31. 31. Watch the clip<br />http://www.youtube.com/watch?v=gMStCHtUNeY<br />Is it an opinion honestly stated or are we being fed opinion disguised as fact and are the politicians using language to deceive us?<br />
  32. 32. Sexist Language<br />Divide class into boys and girls and brainstorm the stereotypical characteristics of a woman/man.<br />Students to consider<br />Work<br />Physique<br />Alcohol<br />Sexual behaviour<br />
  33. 33. Language prescribes<br />By looking at gender stereotypes it can be seen that language does more than describe our world – It prescribes it!<br />The difference between a playboy and a slut lies less in the behaviour each exhibits but more in the attitude of the person doing the describing.<br />A clear case of language prescribing the world not describing it – It says that women should not have many partners but men should be able to.<br />
  34. 34. Watch the selection of TV adverts and try to identify any underlying values – critically analyse the following adverts<br />
  35. 35. Language and thought<br />What is the extent to which language affects the way in which we think about the world?<br />
  36. 36. The Sapir – Whorf Hypothesis<br />Language determines our experience of reality, and we can see and think only what our language allows us to see and think.<br />Edward Sapir (1884-1941) gives us an example – How many words can you use to describe the following picture?<br />
  37. 37.
  38. 38. Inuit peoples of the Arctic<br />They have hundreds of different words for snow<br />Their sophisticated snow vocabulary helps them to make finely grained snow discriminations.<br />Therefore they see and experience snow covered landscapes very differently to the rest of us.<br />
  39. 39. Ben Whorf (1879-1941)<br />Studied the Hopi Indians of North America<br />He concluded the Hopi language contains no words, grammatical forms, constructions or expressions that refer to what we call time or to past, present and future.<br />Whorf concluded therefore the Hopi have no concept of abstract time.<br />The Sapir – Whorf hypothesis claims that language determines the way we think. This is called linguistic determinism.<br />
  40. 40. The Island – 1st 20mins<br />Lincoln Six-Echo (McGregor) is a resident of a seemingly utopian but contained facility in the mid-21st century. Like all of the inhabitants of this carefully controlled environment, Lincoln hopes to be chosen to go to the “The Island”—reportedly the last uncontaminated spot on the planet. But Lincoln soon discovers that everything about his existence is a lie. He and all of the other inhabitants of the facility are actually human clones whose only purpose is to provide “spare parts” for their original human counterparts. <br />
  41. 41. Testing the hypothesis<br />1. Critics argue the Inuit have so many words for snow as a response to the environment they live in. In other words their reality determines their language rather than vice- versa. There are not many words from snow in English because people in England do not live in snow very often.<br />There is evidence that thought is possible without language. Psychologists have claimed babies and animals are able to think without language.<br />Creative people such as Albert Einstein have claimed language plays a secondary role in their thinking. Einstein claimed to think in images rather than language- Daniel Tammet - http://www.youtube.com/watch?v=AbASOcqc1Ss<br />(start -4.50) – How does he describe his thinking experience?<br />If language determines thought how do new words ever enter a language or indeed how did language arise in the first place<br />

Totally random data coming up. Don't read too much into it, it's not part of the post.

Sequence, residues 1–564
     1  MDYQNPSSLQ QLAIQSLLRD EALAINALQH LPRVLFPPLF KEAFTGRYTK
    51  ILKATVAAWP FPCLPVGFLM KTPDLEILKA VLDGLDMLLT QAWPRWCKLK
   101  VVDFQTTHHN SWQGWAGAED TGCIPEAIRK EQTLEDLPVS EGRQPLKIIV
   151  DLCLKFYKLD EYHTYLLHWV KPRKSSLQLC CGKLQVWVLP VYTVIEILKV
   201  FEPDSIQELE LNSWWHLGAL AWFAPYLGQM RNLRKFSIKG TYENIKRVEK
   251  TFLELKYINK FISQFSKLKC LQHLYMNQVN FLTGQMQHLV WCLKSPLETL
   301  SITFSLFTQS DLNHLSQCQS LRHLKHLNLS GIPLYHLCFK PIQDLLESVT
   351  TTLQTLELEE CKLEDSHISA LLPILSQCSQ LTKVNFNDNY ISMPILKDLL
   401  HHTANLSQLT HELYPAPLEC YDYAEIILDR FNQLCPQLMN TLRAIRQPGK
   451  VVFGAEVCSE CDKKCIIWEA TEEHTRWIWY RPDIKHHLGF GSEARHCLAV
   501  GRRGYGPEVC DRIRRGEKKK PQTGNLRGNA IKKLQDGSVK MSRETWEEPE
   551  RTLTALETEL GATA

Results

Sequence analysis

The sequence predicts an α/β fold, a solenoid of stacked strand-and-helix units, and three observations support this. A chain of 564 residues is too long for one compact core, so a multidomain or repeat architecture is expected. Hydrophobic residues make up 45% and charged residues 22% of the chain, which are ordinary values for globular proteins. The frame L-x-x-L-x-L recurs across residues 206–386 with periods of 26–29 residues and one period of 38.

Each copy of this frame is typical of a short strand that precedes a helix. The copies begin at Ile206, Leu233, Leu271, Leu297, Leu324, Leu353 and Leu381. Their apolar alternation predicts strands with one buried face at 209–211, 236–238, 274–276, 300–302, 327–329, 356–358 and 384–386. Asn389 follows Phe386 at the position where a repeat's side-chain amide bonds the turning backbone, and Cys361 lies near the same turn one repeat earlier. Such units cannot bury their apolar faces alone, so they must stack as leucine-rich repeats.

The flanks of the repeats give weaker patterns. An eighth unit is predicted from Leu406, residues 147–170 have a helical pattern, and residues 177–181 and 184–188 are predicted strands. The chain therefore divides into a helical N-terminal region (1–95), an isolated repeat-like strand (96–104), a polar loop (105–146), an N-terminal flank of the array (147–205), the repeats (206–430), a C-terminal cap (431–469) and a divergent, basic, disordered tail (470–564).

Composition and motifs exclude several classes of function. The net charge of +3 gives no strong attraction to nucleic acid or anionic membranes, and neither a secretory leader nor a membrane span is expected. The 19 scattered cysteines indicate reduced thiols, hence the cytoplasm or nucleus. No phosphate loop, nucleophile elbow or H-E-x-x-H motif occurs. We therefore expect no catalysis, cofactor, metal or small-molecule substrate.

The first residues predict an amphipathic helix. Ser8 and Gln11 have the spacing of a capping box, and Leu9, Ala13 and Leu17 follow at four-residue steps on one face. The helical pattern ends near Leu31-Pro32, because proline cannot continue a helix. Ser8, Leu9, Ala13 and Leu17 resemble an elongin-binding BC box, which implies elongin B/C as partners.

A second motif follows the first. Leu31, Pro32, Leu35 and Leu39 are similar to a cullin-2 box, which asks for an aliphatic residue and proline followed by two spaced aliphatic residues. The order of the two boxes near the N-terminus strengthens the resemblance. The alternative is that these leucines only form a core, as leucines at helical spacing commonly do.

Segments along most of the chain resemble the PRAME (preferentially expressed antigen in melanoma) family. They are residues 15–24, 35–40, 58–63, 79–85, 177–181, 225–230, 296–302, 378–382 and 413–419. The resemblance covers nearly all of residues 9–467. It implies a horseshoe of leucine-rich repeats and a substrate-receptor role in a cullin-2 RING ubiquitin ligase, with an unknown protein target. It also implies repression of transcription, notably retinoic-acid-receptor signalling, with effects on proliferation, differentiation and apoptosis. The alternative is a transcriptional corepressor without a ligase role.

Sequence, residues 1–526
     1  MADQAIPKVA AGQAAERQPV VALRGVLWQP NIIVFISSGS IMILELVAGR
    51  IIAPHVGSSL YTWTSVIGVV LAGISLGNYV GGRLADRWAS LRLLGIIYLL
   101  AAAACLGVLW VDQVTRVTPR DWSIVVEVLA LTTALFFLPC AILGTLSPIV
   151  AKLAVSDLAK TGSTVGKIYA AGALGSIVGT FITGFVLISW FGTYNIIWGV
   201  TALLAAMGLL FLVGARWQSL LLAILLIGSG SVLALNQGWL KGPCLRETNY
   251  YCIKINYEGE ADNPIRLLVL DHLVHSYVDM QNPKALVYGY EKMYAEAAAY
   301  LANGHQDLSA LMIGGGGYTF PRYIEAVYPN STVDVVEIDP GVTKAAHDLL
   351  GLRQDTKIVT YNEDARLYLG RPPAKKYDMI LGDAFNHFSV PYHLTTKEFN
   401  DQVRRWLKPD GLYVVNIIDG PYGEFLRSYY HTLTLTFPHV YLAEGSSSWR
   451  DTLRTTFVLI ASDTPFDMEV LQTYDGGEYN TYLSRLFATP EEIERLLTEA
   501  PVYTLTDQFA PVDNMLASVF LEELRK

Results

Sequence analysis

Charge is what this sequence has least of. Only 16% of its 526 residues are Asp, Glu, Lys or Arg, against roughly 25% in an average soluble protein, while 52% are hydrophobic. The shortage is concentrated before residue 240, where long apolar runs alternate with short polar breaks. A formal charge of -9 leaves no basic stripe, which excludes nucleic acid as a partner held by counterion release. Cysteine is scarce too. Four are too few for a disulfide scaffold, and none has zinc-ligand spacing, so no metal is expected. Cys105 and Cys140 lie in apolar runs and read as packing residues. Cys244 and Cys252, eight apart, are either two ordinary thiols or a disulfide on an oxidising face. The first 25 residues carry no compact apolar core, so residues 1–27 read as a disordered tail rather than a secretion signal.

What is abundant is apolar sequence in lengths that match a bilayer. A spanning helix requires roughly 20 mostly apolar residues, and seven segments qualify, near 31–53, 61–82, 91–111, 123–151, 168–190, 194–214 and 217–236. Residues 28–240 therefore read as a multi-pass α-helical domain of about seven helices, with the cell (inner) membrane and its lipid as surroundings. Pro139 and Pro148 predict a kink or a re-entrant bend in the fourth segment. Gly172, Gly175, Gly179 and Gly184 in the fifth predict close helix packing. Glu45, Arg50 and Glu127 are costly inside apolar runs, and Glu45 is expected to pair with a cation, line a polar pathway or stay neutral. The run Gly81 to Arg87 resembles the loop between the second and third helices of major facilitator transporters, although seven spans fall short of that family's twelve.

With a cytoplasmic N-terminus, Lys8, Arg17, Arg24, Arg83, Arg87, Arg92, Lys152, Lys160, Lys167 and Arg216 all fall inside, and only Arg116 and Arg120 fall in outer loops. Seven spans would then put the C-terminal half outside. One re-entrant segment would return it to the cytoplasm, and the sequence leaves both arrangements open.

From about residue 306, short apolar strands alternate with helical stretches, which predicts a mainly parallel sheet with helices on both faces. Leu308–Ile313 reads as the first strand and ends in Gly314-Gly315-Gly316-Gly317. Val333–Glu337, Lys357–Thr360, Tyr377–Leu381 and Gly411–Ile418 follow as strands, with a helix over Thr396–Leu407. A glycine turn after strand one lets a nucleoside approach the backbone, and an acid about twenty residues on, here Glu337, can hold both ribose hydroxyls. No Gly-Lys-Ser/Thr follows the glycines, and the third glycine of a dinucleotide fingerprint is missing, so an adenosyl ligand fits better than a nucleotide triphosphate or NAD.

42. 42. Weaker version of Sapir-Whorf Hypothesis<br />Arguments against the SWH are very powerful<br />More plausible is the weaker version of the SWH<br />This states language influences rather than determines thought<br />Complex thinking does seem to be closely connected to language<br />While language may not determine thought it might be said to predispose it – Eg We tend to think along the lines of our linguistic categories<br />
  43. 43. Language Conclusion<br />Much of our knowledge comes to us in words and is relevant to our quest for knowledge<br />Language is not simple or straight forward<br />We need to know what a statement means before we can decide whether its true or false<br />This is very difficult<br />Some claim ‘if you cant say it, then you don’t know it’<br />Others claim ‘I know more than I can say’. Proponents of this view argue our knowledge of things spills beyond our ability to describe them.<br />This takes us back to the slogan ‘the map is not the territory’<br />Interestingly, mystics in all the great religions have held the deepest truths cannot be expressed in language<br />Lao Tzu observed ‘Those who speak, do not know. Those who know, do not speak’.<br />
  44. 44. Emotion – Does the way you describe something affect how you feel about it?<br />Religion – Does religious experience lie beyond language?<br />History – Is it possible to describe historical events in an unbiased way?<br />Linking Questions<br />Language<br />The Arts – Is art the language of the emotions?<br />Ethics – Should offensive language be censored?<br />Perception – How does language affect the way we see things?<br />
  45. 45. Homework<br />Read - Dialogue on Animal Language<br />This text explores the question of whether or not any animals can be said to possess language.<br />